KR210 is quite large and rated for 210kg payloads. are you sure you need such high payload to mount laser head? yes, KSS is "Kuka System Software" which is software installed on Kuka controller. About your questions on accuracy.... why don't you define it? don't you know what is tolerable for your application and what is the size of working area? what is your "close enough"?
I am sure that we don't need such a high payload, but the small payload robots are short in reach. The kr210 is just easily available to us, that's all. It could also be a different robot with a similar reach for all intents and purposes.
Its hard to define what's tolerable to us and what isn't. "Close enough" basically means that it looks close enough. The 2d applications are meant to allow us to cut metals ourselves instead of outsourcing like we do currently. If I need to cut a circle and rectangle in order to later weld them together (manually) into a lighting fixture then close enough means that it looks like a circle and will pass as a circle when looked at. If I want to cut an odd shape in order to create an "installation solution" (sorry, don't know the term in English) that will later be part of existing infrastructure in, say, a new event hall - it just needs to have the holes be more or less the correct size and shape so that the metal workers can fit and weld it into place (we will late hang lighting/speakers from this "installation solution".
The 3d applications will basically be cutting holes into existing products. Things that are too large for a regular laser cutting machine, or have angles. Possibly cutting decorative features into existing products as well. So say I need to cut a hole into a metal tables legs to later fit a pipe through and weld it together - I just need the holes to be "close enough" to size and shape. If the hole will be completely elliptical then yea, that's no good, but if its pretty much a circle then its fine. I can cut a slightly larger hole to compensate for inaccuracy in cases like this. If I want to cut wavy lines into a metal lamp shade as decoration - practically no precision is required.
Does this make sense? I tried to define it as best I could.
The backlash issue is hard to quantify. Unlike a CNC machine, where each axis's backlash is purely one-dimensional, the serial kinematics of a robot arm mean that each joint's backlash multiplies into each axis "downstram" -- the error becomes more exponential than linear.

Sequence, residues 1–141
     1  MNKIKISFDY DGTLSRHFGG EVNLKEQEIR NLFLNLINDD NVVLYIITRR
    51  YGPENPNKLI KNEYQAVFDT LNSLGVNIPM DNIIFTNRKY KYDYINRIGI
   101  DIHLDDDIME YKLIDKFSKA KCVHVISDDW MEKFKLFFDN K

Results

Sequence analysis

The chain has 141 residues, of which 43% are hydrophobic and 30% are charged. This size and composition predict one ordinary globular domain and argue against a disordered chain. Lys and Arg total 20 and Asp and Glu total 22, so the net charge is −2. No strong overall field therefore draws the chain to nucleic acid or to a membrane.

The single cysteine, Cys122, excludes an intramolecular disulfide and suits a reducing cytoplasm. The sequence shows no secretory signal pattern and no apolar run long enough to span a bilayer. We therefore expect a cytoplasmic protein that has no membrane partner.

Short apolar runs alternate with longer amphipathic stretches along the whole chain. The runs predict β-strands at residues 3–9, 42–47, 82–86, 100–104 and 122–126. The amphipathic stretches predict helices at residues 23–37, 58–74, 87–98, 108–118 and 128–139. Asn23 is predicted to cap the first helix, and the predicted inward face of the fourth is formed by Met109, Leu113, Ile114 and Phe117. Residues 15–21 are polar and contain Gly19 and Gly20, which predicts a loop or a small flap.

To complicate matters, the backlash of each axis can have very different effects depending on where the robot is in its operating envelope. Take Axis 2 -- it's backlash can "flip" depending on whether the A2-A3 link is forward of vertical (gravity pulling it fowards) or "leaning back", where gravity will act in the opposite direction. Plus the counterbalance unit adds another variable into the mix.
There are techniques to minimize the effects. For example, for 2D cutting, keep the end effector orientation fixed at all times, and keep the arm in a pose where gravity effects don't change. Try to avoid cuts where any axis reverses direction mid-cut, and use "run in/out" motions to ramp into each cut when a directional change is required.
Sorry but English is my second language and though it's pretty good, I don't know many of the technical terms. "run in/out" = lead in/out? The "extra pathing" added to the beginning and ending of cutting paths? If so, are you suggesting that we use this for every new direction and not only for the start - end?
I'm particularly interested in what you said about avoiding reversing direction mid cut. This sounds like great advice - thank you. So say when cutting circles, maybe divide the cut into 4 and have a lead in+out for each of them so as to minimize the effect of reversing the direction of the axes? The bumps this will create are not an issue - we can grind them away with an angle grinder. Does this sound reasonable to you?